Modern British Drama: The Twentieth Century / Edition 2

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Overview

A revised and updated version of Modern British Drama, 1890-1990, is the first one-volume analysis of English playwriting over the twentieth century. Through detailed discussions of major dramatists and plays, Christopher Innes traces the evolution of modernism from Bernard Shaw to the present as well as theatrical developments over the period. The text includes information on the social and political environment surrounding the plays, first productions and critical reception, and chronology and illustrations from key performances, lists of playwrights and works, and selective bibliographies. It is an invaluable guide for students, theater-goers and theater historians.

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Editorial Reviews

From the Publisher
From the first edition of Modern British Drama: '... any student wishing to survey the field will find the work invaluable.' Forum for Modern Language Studies

'Christopher Innes' study provides the most valuable and extensive coverage that there has been on the subject in one volume. For teachers and students alike this work will become an essential handbook for the hundred years of British drama it covers ... In short, the book is a triumph and a major contribution.' Modern Language Review

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Product Details

  • ISBN-13: 9780521016759
  • Publisher: Cambridge University Press
  • Publication date: 4/28/2009
  • Edition description: Revised
  • Edition number: 2
  • Pages: 604
  • Sales rank: 860,112
  • Product dimensions: 5.98 (w) x 8.98 (h) x 1.22 (d)

Meet the Author

Christopher Innes is one of the leading experts in the field of modern British drama studies and he has written and published extensively in this and related areas. His books include Piscator's Political Theatre, Modern German Drama, Holy Theatre, Edward Gordon Craig, Avant Garde Theatre: 1892-1992, and A Sourcebook on Naturalistic Theatre, as well as Modern British Drama: 1890-1990. Professor Innes also serves as the General Editor for the Cambridge University Press series Directors in Perspective, and holds the Canada Research Chair in Performance and Culture.

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Table of Contents

List of illustrations
Acknowledgements
Chronology
1 Contexts 1
1.1 Defining British drama 4
1.2 Patterns of development and organizing principles 7
1.3 Critical treatment 11
2 Defining modernism: George Bernard Shaw 13
2.1 The reinterpretation of Ibsen 14
2.2 Refurbishing nineteenth-century styles 22
2.3 Thesis drama and metaphysical comedy 33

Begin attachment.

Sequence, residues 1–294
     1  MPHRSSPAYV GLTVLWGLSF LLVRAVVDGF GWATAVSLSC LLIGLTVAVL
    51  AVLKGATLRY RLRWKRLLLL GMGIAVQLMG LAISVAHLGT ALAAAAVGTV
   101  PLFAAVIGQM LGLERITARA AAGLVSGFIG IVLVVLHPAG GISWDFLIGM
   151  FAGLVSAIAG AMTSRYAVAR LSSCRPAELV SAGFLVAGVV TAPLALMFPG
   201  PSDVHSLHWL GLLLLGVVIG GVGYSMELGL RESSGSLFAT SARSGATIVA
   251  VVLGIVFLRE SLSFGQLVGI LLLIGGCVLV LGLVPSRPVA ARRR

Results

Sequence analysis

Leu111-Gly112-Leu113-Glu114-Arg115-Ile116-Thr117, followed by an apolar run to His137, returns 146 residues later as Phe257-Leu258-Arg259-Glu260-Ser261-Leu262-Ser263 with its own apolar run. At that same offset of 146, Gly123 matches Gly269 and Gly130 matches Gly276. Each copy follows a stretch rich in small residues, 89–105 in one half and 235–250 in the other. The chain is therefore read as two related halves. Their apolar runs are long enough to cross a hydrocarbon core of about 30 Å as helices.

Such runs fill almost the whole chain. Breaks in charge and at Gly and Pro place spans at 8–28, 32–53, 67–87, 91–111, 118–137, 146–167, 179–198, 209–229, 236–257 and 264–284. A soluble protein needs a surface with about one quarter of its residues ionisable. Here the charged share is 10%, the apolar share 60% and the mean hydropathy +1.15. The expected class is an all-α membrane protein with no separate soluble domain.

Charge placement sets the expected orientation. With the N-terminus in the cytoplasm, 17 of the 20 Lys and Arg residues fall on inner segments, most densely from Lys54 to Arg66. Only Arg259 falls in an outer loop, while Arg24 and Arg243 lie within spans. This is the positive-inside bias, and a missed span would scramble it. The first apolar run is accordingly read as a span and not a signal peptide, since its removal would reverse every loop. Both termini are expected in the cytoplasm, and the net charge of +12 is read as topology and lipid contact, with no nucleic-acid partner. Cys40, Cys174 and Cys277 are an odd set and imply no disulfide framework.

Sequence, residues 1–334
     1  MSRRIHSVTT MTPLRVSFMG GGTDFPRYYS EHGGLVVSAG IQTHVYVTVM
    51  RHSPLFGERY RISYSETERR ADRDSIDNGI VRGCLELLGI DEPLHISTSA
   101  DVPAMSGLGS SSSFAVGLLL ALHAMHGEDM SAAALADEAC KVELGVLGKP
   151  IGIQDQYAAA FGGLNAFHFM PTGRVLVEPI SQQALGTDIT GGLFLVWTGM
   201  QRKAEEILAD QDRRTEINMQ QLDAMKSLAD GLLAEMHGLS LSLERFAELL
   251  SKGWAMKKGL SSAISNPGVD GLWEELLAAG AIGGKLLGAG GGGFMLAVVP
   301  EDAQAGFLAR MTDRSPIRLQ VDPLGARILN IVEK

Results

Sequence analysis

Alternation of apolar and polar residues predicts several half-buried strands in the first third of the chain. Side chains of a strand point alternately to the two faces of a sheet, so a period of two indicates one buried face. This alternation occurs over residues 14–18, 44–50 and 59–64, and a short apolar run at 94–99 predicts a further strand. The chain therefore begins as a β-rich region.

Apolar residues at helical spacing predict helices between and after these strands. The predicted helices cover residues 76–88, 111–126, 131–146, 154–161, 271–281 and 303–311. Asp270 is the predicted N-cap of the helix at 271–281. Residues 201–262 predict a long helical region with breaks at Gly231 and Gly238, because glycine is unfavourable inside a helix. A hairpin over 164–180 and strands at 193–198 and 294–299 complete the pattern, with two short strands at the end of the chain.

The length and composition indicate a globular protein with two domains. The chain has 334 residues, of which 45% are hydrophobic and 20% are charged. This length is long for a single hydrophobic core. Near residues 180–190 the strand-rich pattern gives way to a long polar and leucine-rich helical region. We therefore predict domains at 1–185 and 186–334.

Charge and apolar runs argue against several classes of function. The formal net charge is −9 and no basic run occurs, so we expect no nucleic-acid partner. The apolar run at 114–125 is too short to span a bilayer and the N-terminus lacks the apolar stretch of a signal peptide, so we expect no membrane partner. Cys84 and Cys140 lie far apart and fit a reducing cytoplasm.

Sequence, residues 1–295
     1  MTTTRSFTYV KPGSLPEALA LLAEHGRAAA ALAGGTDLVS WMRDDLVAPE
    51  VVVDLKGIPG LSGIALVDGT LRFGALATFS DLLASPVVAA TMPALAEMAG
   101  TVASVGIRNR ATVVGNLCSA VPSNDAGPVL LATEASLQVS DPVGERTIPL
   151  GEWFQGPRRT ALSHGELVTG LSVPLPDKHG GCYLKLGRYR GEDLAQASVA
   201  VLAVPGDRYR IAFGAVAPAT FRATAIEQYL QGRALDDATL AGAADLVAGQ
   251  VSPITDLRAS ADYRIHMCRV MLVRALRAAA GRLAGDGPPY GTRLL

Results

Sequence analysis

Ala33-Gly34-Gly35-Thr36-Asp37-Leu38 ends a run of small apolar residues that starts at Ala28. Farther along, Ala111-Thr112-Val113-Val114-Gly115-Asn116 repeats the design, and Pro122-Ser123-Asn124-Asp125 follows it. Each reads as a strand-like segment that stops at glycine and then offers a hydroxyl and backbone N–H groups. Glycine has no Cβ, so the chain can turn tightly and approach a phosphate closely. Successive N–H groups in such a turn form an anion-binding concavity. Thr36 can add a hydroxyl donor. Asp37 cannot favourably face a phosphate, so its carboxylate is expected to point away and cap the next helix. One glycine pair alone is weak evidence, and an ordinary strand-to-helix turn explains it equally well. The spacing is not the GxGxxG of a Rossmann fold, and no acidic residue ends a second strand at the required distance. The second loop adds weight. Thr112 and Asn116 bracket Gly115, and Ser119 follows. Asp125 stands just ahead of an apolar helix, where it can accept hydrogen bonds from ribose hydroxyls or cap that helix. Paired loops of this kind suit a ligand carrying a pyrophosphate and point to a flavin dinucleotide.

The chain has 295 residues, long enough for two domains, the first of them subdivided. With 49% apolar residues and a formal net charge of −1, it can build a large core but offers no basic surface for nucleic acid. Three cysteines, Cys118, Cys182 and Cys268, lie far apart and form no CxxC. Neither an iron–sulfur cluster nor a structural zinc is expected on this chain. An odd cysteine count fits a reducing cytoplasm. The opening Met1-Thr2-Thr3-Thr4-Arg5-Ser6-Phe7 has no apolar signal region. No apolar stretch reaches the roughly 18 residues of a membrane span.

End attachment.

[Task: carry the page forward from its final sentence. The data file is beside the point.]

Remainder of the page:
2.4 Symbolism and politics 39
3 Social themes and realistic modes 55
3.1 Shavian influences and the question of censorship 55
3.2 Intellectual drama versus public theatre: Granville-Barker and John Galsworthy 60
3.3 Realism versus Agitprop: D.H. Lawrence and the Workers' Theatre Movement 69
3.4 Terence Rattigan: updating the Well-Made Play 76
3.5 John Osborne: the rhetoric of social alienation 86
3.6 Arnold Wesker: utopian realism 103
3.7 Brechtian influences: Epic stagecraft and British equivalents 113
3.8 John Arden: the popular tradition and Epic alternatives 132
3.9 Edward Bond: rationalism, realism and radical solutions 152
3.10 David Edgar: from Agitprop to Social Realism 178
3.11 Howard Brenton and David Hare: utopian perspectives on modern history 196
3.12 The feminist alternative 233
4 The comic mirror - tradition and innovation 250
4.1 Somerset Maugham: popular comedy versus social criticism 253
4.2 Noel Coward:: comedy as social image 262
4.3 Ben Travers: society as Farce 285
4.4 Joe Orton: Farce as confrontation 293
4.5 Samuel Beckett: interior space and play as image 306
4.6 Harold Pinter: power plays and the trap of comedy 328
4.7 Peter Barnes and Trevor Griffiths: the politics of comedy 350
4.8 Traditionalism and theatricality: Alan Ayckbourn and Michael Frayn 370
4.9 Tom Stoppard: theatricality and the comedy of ideas 393
4.10 New Comic Voices: Patrick Marber 427
5 Poetic drama - verse, fantasy and symbolic images 436
5.1 The rejection of society: J.M. Barrie 438
5.2 J.B. Priestley: temporal dislocation and transcendence 442
5.3 Expressionistic archetypes: W.H. Auden and Christopher Isherwood 455
5.4 T.S. Eliot: the drama of conversion 461
5.5 Appealing to the popular imagination: Christopher Fry and Peter Shaffer 477
5.6 Apocalyptic visions in theatres of Cruelty and Catastrophe: John Whiting, David Rudkin and Howard Barker 495
5.7 Caryl Churchill: from the psychology of feminism to the surreal 512
5.8 Sarah Kane: the poetry of madness in violent dreams 528
5.9 Simon McBurney: devising a physical theatre 537
Bibliographies 544
Index 553
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